In the earlier suit Lawal was claiming a declaration that he was the one entitled as against the defendant to act as head of the family and reside in the portion of the house used by the head. He sued ‘Sulu Shitta’ simpliciter as the defendant; he did not sue him as trustee; neither did he sue him as repre-senting the children of Mohammed Shitta-Bey. On the other hand, Sulu Shitta put up a triple shield in his defence–

(1)that he had been appointed as the head by those entitled to appoint the head;

(2)that he was a trustee under the will; and

(3)that the trust created by the will concerning the house and compound was in favour of the children of the testator, including the defendant, to the exclusion of the children of Yousuffo Shitta.

Both sides were invoking the will. They agreed on the dispute being decided by Mr. L. B. Agusto, as arbitrator, and he decided that the defendant, Sulu Shitta, was entitled to reside in the portion used by the head of the family–

(1) because he was the trustee in whom the legal estate was vested;

(2) because he was one of the testator’s children in whose favour the trust was created; and

(3) because he was the head of the testator’s family both by age and appointment, and also the SerikiMusulumi of the Muslims of the Central Mosque, Victoria Street, Lagos.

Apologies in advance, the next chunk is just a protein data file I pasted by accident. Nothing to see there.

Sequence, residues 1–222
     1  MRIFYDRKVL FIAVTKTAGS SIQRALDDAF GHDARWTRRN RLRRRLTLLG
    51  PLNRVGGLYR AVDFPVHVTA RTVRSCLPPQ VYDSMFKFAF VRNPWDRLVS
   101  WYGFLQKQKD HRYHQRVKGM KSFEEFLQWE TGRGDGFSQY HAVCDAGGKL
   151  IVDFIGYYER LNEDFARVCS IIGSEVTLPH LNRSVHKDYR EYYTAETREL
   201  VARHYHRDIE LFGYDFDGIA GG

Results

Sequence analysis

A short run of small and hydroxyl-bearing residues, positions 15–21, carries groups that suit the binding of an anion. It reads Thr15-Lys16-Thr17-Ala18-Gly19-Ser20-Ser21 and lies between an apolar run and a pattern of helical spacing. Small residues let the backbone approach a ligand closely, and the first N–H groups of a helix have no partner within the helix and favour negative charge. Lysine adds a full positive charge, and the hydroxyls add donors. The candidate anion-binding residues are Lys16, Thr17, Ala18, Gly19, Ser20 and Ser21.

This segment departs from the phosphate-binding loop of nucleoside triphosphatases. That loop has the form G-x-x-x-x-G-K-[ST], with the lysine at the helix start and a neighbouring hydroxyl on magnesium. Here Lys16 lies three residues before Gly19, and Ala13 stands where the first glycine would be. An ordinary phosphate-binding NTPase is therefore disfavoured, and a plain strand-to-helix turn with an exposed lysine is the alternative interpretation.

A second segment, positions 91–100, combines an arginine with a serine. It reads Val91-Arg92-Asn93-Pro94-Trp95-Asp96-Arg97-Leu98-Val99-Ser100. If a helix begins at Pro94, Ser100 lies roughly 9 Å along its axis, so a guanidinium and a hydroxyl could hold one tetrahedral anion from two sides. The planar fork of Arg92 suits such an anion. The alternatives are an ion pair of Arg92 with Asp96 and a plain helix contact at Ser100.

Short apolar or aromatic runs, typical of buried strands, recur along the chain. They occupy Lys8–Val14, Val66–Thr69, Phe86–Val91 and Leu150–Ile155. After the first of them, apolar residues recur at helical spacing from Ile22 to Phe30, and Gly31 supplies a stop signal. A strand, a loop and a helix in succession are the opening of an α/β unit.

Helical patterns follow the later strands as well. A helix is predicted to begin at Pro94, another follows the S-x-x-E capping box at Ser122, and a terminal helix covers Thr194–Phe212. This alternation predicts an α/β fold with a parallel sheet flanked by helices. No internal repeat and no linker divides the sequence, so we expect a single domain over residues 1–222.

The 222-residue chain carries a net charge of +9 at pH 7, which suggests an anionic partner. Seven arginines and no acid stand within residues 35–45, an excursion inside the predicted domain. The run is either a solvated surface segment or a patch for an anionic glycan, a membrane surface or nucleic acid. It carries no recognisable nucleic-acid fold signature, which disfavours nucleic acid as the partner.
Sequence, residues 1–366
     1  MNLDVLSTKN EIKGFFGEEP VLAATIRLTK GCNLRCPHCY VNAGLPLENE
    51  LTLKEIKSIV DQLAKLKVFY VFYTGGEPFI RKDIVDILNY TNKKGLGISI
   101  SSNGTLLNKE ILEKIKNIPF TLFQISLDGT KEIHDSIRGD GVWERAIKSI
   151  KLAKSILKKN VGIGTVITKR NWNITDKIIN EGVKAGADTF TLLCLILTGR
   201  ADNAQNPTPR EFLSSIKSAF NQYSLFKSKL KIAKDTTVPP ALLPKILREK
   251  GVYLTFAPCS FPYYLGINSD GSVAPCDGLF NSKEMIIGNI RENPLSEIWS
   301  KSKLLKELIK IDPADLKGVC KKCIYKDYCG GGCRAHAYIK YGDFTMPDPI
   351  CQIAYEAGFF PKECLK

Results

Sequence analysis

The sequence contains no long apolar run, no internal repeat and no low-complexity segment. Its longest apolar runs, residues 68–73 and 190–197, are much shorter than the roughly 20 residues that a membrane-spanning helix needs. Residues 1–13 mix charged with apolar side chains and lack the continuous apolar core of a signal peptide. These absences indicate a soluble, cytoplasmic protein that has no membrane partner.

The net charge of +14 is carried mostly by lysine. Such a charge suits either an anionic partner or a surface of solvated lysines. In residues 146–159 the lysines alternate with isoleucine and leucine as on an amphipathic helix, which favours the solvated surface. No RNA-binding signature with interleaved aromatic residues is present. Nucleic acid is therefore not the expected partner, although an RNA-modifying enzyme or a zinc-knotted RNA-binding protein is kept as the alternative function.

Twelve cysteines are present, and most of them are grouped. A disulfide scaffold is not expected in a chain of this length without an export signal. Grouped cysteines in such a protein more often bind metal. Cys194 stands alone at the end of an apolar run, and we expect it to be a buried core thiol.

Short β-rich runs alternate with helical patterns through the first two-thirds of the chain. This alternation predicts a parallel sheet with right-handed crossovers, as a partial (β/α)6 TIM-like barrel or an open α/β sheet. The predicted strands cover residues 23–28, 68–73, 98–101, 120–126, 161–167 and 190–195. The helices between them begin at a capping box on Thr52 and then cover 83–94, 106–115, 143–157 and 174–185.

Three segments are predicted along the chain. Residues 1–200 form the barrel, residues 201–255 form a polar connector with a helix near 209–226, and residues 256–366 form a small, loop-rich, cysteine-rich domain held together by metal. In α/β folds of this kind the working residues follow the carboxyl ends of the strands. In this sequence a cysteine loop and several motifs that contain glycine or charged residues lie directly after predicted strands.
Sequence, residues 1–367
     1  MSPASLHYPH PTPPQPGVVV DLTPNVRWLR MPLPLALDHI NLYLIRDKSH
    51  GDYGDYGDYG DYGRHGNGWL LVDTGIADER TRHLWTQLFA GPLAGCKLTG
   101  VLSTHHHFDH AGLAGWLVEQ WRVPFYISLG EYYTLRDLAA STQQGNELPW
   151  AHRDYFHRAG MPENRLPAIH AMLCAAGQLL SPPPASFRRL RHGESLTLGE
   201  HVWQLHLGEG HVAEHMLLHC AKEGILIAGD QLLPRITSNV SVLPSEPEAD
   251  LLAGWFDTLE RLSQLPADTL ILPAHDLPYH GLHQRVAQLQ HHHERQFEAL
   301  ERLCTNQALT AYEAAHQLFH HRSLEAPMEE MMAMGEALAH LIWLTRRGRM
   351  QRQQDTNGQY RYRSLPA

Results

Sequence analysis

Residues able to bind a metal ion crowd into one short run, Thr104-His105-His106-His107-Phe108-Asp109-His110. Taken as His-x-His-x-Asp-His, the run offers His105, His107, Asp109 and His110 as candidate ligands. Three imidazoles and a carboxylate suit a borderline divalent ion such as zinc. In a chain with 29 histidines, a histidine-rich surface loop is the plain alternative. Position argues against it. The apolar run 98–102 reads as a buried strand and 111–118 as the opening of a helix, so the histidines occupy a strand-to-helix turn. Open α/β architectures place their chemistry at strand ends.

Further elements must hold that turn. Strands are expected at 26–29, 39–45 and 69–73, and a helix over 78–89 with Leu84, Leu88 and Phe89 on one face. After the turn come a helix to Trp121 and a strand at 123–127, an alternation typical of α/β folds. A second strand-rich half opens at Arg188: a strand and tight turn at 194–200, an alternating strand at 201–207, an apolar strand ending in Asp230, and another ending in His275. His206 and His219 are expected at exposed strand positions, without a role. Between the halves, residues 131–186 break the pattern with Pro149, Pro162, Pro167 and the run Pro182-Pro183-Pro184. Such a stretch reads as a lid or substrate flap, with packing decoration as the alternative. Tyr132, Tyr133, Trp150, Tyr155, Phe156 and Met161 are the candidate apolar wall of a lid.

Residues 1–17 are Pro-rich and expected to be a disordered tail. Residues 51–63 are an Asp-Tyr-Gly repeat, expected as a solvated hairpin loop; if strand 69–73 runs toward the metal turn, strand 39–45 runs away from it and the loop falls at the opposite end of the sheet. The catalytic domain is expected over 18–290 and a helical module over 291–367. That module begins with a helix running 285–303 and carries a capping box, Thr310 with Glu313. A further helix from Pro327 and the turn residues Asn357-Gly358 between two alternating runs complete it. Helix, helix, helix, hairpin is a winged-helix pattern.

In the arbitrator’s view, the plaintiff’s claims were not supported by the will, on which he founded them, and his action was dismissed.

There were arguments before Bennet, J., on the two points involved-

(1)whether the parties now are the same as in the previous suit; and

(2)whether the ownership of the premises was directly in issue in that suit;

he decided both points in favour of the plea of res judicata. The grounds of appeal make up two objections-

(a)that the parties are not the same as before and that they did not sue or defend in the same right;

(b)that the defence in the previous suit was not a clear joinder of issue of ownership and that ownership of the property was not directly in issue there.

The matter is governed by Section 53 of our Evidence Ordinance, which states that:–